At this point, you’ll need to link your Firebase project to a new Flamelink project. You can follow this tutorial video to help you get started.

First, create some schemas. A schema is a form view of your data to easily create your content in a repeatable, structured way. For the bedtime stories example project we used two schemas: shortStory and longStory.

Creating schemas
Creating schemas

Then, using these schemas, let’s create 5 different Short Stories and 3 Long Stories with whatever filler content you’d like.

Remember, you don’t need to spend too much time on this, just have enough to start building your application. This content is meant to be managed by non-developer content editors and clients.

Scemas/ short story image
Scemas/ short story image

Step 5: Create New Angular App

The sample app in this tutorial was built using nrwl/nx, so there’s a lot going on, but we will only be working with these files.

  1. public/feature/landing — routed; no auth; public info about app
  2. public/feature/login — routed; no auth; allows sign on
  3. private/feature/home — routed; auth required; contains flamelink content
  4. shared/feature/core — not routed; contains shared services for Firebase and Flamelink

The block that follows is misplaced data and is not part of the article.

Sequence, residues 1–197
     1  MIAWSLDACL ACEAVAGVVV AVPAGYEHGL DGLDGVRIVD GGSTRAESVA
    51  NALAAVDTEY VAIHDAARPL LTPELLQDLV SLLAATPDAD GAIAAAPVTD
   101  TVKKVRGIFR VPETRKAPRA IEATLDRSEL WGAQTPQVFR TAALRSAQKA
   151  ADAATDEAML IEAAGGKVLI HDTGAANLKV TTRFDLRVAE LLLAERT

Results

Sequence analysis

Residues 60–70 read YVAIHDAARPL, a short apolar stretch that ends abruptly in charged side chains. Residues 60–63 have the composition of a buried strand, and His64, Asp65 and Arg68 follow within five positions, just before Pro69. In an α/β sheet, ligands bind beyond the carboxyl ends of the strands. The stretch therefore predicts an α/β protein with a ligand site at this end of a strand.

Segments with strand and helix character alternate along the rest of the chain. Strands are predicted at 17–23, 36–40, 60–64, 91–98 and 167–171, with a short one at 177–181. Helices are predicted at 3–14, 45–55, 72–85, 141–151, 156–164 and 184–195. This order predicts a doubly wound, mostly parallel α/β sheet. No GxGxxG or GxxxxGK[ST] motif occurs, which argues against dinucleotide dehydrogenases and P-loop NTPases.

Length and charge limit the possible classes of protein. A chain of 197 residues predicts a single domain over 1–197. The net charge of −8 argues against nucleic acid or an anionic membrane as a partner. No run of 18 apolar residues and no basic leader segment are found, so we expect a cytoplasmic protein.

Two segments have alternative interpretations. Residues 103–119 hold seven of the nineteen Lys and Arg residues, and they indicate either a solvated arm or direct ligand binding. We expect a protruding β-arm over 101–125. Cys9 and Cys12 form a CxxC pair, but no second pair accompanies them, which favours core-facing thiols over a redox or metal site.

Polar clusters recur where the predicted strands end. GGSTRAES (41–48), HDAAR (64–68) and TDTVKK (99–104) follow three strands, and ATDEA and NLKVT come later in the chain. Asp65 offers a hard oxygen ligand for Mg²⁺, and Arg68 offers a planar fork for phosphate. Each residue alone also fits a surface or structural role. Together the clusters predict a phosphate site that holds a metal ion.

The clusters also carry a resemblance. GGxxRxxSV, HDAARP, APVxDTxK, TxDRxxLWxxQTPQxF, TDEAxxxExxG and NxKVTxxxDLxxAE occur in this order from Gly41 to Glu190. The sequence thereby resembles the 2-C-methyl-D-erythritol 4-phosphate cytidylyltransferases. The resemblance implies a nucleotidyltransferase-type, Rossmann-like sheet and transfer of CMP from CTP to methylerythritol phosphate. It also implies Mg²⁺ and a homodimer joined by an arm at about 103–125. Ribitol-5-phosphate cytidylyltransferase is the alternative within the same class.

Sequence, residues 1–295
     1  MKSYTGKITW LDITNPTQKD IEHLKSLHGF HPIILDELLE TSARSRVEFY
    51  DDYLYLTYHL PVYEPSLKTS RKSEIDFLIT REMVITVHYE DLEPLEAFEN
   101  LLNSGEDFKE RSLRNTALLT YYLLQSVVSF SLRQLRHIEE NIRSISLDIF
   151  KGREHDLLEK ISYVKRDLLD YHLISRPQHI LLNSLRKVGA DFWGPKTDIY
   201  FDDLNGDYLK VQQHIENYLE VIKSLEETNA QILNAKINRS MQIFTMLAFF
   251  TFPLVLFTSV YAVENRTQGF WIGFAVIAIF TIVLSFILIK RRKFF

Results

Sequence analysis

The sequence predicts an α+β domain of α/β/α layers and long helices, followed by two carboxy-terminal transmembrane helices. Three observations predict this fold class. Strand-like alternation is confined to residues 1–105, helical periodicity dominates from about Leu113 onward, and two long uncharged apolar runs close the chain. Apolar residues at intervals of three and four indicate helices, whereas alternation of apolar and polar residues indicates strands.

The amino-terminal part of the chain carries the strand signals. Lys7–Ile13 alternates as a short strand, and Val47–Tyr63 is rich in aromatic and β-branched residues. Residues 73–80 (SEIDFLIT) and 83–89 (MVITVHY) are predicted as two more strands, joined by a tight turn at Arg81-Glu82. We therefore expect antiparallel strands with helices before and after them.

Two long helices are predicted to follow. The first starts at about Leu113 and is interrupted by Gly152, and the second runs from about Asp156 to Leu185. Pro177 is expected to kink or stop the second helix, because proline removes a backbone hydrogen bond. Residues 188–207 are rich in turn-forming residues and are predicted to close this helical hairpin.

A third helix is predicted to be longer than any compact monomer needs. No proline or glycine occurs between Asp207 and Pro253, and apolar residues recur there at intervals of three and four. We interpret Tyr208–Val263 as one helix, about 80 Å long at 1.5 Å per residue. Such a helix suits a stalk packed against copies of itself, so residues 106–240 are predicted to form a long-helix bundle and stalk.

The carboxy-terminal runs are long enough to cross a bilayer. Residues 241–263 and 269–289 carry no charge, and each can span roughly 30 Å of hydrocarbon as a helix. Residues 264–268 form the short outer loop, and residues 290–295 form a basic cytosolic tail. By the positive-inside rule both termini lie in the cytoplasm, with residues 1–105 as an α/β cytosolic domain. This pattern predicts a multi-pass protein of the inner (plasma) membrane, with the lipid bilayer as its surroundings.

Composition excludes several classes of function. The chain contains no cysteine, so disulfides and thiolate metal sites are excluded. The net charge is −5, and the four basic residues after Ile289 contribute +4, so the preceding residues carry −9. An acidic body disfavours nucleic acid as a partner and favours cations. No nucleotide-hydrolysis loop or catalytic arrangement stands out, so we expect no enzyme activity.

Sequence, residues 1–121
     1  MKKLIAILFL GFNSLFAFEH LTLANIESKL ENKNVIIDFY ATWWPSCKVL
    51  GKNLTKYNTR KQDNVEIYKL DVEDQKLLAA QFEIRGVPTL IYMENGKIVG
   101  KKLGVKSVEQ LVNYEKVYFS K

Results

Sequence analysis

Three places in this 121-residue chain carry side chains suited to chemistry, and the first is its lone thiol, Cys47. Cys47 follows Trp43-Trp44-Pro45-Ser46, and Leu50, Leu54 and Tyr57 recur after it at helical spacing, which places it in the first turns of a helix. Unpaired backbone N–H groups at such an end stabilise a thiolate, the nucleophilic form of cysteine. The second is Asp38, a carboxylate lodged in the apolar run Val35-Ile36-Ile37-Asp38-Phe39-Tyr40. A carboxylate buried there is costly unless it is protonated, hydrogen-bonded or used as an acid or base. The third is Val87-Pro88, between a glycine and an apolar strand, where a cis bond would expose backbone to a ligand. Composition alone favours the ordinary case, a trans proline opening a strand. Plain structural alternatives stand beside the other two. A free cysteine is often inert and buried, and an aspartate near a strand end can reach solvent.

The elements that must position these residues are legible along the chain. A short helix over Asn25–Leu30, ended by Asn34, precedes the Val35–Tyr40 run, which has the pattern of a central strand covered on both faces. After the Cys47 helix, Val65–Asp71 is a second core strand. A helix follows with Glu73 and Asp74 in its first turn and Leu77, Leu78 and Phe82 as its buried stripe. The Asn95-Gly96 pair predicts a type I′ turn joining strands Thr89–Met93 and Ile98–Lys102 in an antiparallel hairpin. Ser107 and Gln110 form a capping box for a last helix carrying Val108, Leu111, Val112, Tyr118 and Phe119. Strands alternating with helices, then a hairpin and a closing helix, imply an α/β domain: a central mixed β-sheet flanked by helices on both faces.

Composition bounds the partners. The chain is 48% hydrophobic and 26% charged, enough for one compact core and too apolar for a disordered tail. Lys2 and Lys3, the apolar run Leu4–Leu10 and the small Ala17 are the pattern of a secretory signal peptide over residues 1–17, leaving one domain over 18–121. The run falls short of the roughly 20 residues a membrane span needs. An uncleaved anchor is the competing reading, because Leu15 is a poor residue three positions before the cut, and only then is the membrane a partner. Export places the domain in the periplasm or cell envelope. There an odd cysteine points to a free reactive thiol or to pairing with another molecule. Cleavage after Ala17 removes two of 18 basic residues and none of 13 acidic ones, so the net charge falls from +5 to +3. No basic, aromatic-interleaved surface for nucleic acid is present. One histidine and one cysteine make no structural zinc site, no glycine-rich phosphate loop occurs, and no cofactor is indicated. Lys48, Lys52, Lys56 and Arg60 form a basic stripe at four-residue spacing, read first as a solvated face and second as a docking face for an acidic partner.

You’re welcome to explore / modify any other files in the project, get creative!

Step 6: Install dependencies

From the root of the project directory, run either npm install (or yarn install) to install the dependencies.

Step 7: Set Up Auth with AngularFire

Because this is an Angular site, we’ll use the AngularFire library to quickly and easily add authentication. Let’s create FirebaseService in shared/feature/core. This lets you keep track of auth and allows you to easily sign out. We’ll add FirebaseUI to your login component markup to provide a quick and easy authentication dialog for your users.


When a use logs in successfully, we want to have it route the logged in user to home.module so add this to your ngOnInit function in the home.component.ts:


Next we’ll integrate the Flamelink SDK, which is powered by the Firebase SDK, to load content into our app. To do this, create a new service called FlamelinkService in shared/feature/core. This service will be used to subscribe and fetch data when a user is logged in.